1 person liked this |
Staff
Steve Steve said:

But in latency I just now X milliseconds is better than Y milliseconds
Same here, I'm clueless as to where one would draw an intolerable line.

Guy's milliseconds is still a time measurement. 1 second is made up of 1000ms so 16ms = 60fps.

16 ms = 60 FPS

33 ms = 30 FPS

40 ms = 25 FPS

50 ms = 20 FPS

"...if you have $1,000 burning a hole in your pocket..." funniest thing I've ever read in a computer hardware review.

I'm still laughing!

Glad you enjoyed that.

slh28 slh28, TechSpot Paladin, said:

Guy's milliseconds is still a time measurement. 1 second is made up of 1000ms so 16ms = 60fps.

16 ms = 60 FPS

33 ms = 30 FPS

40 ms = 25 FPS

50 ms = 20 FPS

Come on guys, simple maths...

Great work on the frame latencies, because a pure average fps is definitely not the whole story.

As for the Titan itself it's insanely priced compared to GTX 660Ti SLI or 7950 CF, and the sad thing is neither Nvidia nor AMD seem to have anything up their sleeves for a good while yet.

cliffordcooley cliffordcooley, TechSpot Paladin, said:

Come on guys, simple maths....
Yes it was and didn't answer the question on where a line to intolerable would be drawn. In fact the answers given was frame time for different FPS. That was not an answer for a latency question or how much could be tolerated.

Here is the question;

Whats tolerable 1FPS latency @60FPS or can you go as high as 10FPS latency @60FPS?

TS-56336 TS-56336 said:

If I didn't already have three (only use two for gaming) 7970's, I too would most likely be looking at buying this card as a single card solution for gaming at 2560x1600. It would be nice not to have to worry about SLI/Crossfire issues.

aboynamedmatt aboynamedmatt said:

I was pretty impressed that the 660Ti SLI system was able to produce such low frame latencies by comparison. Sleeping Dogs and Medal of Honor were still pretty bad by frame latency, but the SLI system was right on par with the other games.

slh28 slh28, TechSpot Paladin, said:

Here is the question;

Whats tolerable 1FPS latency @60FPS or can you go as high as 10FPS latency @60FPS?

Latency is measured in ms and the lower the better. The review methodology is explained in the article, I.e. the latency figure displayed is a 99th percentile. e.g. for BF3 @1080p the 99th percentile is 10.6ms so 99% of the frames were generated in less than 10.6ms, or to put it another way 99% of the time you're getting above 94fps (1000/10.6).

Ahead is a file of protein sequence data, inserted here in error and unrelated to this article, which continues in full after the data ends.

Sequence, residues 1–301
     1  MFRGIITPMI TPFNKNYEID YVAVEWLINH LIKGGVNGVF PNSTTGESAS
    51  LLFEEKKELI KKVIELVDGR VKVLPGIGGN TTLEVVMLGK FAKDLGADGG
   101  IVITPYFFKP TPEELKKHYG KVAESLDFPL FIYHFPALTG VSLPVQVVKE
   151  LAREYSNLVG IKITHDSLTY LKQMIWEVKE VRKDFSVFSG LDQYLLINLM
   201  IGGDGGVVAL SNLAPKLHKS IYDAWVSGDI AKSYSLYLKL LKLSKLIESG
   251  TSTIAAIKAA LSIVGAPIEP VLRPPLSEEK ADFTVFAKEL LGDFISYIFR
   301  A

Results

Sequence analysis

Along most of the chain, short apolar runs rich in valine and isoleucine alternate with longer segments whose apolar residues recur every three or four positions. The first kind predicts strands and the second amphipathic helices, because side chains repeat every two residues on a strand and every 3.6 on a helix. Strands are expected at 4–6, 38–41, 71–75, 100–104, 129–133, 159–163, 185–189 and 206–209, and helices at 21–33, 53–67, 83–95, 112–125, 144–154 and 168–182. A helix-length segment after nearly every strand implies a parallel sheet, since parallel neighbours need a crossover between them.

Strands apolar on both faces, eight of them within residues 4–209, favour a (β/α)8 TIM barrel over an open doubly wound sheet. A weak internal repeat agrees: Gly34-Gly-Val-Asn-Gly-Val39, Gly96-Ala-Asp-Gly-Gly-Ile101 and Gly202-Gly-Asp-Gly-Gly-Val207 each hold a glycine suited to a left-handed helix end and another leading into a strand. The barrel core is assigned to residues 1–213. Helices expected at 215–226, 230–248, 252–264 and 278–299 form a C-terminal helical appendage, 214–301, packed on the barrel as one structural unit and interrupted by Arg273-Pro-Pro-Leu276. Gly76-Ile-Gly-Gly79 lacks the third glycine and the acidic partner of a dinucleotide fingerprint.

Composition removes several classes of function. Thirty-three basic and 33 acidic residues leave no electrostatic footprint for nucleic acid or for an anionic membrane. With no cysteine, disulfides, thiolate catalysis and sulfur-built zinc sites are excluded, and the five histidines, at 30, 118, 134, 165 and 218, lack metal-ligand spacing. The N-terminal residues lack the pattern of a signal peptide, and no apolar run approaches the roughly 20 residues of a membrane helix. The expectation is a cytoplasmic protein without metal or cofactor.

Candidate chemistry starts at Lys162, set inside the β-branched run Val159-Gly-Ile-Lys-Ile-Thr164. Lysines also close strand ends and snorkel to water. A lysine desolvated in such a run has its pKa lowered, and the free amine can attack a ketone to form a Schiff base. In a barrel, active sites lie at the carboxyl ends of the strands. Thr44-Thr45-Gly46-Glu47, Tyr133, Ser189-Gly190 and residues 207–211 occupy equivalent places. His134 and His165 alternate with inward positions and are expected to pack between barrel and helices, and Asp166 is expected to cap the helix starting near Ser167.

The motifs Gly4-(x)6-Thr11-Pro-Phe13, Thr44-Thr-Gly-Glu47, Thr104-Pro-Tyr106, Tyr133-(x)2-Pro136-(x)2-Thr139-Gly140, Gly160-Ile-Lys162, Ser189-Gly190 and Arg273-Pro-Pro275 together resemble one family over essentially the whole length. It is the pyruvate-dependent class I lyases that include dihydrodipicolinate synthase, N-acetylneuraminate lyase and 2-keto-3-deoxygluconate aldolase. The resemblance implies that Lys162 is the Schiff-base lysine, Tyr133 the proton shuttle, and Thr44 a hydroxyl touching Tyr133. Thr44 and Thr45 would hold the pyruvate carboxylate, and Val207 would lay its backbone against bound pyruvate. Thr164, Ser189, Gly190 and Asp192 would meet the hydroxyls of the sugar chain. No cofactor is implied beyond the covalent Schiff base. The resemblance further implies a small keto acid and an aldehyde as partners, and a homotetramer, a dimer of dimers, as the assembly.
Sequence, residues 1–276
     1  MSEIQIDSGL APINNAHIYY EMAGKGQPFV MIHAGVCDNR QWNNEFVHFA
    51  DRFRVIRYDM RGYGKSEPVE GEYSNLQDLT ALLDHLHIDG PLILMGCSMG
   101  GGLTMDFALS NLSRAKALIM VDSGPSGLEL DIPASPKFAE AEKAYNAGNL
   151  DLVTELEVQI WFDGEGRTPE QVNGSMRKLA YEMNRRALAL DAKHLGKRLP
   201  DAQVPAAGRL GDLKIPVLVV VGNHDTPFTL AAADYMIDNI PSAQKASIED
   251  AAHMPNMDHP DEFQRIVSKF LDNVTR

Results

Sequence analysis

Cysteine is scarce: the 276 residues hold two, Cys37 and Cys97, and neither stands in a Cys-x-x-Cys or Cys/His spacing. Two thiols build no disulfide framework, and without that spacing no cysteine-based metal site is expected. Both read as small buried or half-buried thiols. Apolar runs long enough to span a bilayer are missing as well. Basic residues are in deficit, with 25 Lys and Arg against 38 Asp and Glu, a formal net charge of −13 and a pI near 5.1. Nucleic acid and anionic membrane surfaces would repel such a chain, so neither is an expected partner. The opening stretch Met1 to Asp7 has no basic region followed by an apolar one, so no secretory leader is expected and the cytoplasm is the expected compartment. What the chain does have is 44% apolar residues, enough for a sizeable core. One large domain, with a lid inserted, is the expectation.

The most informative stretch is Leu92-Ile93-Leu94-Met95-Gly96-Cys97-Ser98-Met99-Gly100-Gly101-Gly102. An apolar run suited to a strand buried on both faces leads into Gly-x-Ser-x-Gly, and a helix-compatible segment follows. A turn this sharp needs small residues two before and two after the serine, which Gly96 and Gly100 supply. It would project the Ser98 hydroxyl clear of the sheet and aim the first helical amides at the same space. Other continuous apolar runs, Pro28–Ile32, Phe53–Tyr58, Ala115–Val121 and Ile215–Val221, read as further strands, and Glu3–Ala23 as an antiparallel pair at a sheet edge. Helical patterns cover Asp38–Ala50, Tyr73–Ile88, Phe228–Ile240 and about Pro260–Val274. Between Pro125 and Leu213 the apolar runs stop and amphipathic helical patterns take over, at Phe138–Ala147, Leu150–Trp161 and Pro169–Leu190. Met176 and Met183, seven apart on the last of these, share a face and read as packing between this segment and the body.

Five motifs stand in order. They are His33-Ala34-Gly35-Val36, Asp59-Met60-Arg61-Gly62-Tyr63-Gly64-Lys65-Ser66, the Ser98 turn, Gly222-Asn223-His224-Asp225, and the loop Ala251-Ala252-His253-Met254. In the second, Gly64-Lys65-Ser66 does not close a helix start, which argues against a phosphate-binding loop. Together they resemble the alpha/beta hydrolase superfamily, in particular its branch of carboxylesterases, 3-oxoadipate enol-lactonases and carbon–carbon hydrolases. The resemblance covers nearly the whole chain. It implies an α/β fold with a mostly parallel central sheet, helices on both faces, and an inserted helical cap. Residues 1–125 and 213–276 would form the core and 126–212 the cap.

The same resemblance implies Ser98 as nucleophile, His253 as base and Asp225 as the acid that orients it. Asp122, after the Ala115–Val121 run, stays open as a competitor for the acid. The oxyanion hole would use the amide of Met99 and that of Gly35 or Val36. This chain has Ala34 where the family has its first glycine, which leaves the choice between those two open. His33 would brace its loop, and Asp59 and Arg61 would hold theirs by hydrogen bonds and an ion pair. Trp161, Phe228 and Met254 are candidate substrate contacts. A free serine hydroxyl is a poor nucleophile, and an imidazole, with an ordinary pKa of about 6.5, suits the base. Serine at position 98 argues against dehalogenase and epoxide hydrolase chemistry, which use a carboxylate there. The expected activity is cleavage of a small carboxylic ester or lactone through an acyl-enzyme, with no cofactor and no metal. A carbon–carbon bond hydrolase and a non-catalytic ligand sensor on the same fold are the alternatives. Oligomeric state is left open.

So a 99th percentile frame time of under 16.7ms (I.e. 60fps+) would result in very smooth gameplay.

wiyosaya said:

Personally, though nVidia may be touting this card as a gamer's card, I think the market for this card is really going to be the HPC market. Its DP compute performance is what the 680 should have had, however, it's price still makes it a very attractive and inexpensive alternative to a Tesla yet none the less capable. I am willing to bet that the Titan will fly off the shelves into supercomputer builds.

That said, I think none but the most deep-pocketed, got to have the latest and greatest hardware gamers will be attracted to this card especially when gaming alternatives exist that are cheaper to implement.

LNCPapa LNCPapa said:

I was caught a bit off guard by the pricing of this card. I had been saving up for a while for three of whatever the next single gpu flagship was going to be to replace my 680s... but I'm just not willing to part with $3k just for the video. Because of that I'll be passing on this line altogether. It upset me a bit just as AMD's pricing of the 7970 upset me at launch. I'll be spending that money on a new pair of headphones and a DAC/AMP instead.

Awesome review though!

spydercanopus spydercanopus said:

Do you think you could benchmark Tomb Raider with this card? That TressFX combined with ultimate settings on my GTX480 runs 1FPS then crashes out after 5 seconds.

johnnydoe johnnydoe said:

Well... here's my take. Have been in this business for easily a decade, having seen all sorts of ridiculous cards, this one is the one that costs the MOST while delivering the LEAST... this thing is just absurd. There were X1950 XTX Toxics but the Tide Water that came with them and their excellent OC'ing potential or lowered down prices made them well worthwhile, there were waterblocked 8800 Ultra's, which again became somewhat worth it after they've settled down. And there were TEC water chilled 8800 GTX's, YET, they STILL had something to make up to their price tag.

But this one? This one is just one giant, pointless piece of shit. All that magnesium shroud does is to take the card's price to an insane grand, and the actual build quality is NOTHING special with Taiwan made TRIO chokes and typical high-K MOSFET's. $1000 and no Volterra VRM or CPL chokes or anything of that sort... sigh. Just a 680 with 16 SMX cores rather than 15 active, on a roided PCB/cooler.

Once you start pushing volts into a Galaxy 680 White beyond 1350 Mhz, it can pull the heals of this thing. And I bought mine for $520... hell, even a good chipped $400 reference 7970 can get up to that level of performance with an insane OC on it... sigh.

Guest said:

I though 100ms made up 1 second not 1000ms

Guest said:

I really think the GTX 690 should have be included within the comparisons. If, for anything, just to see how the TITAN stacks up.

johnnydoe johnnydoe said:

I though 100ms made up 1 second not 1000ms

Uhm, no. In the metric system, 'mili' stands for x1000 times the division of 1. A kilometer is 1000 metres, as such, 1000 milimeters is 1 meter and 1000 miliseconds equal to a second.

If 100ms made up one sec, then you'd have to lag to terribly and skip an entire frame one after the other while playing with 100 ping online... it's an extremely simple math.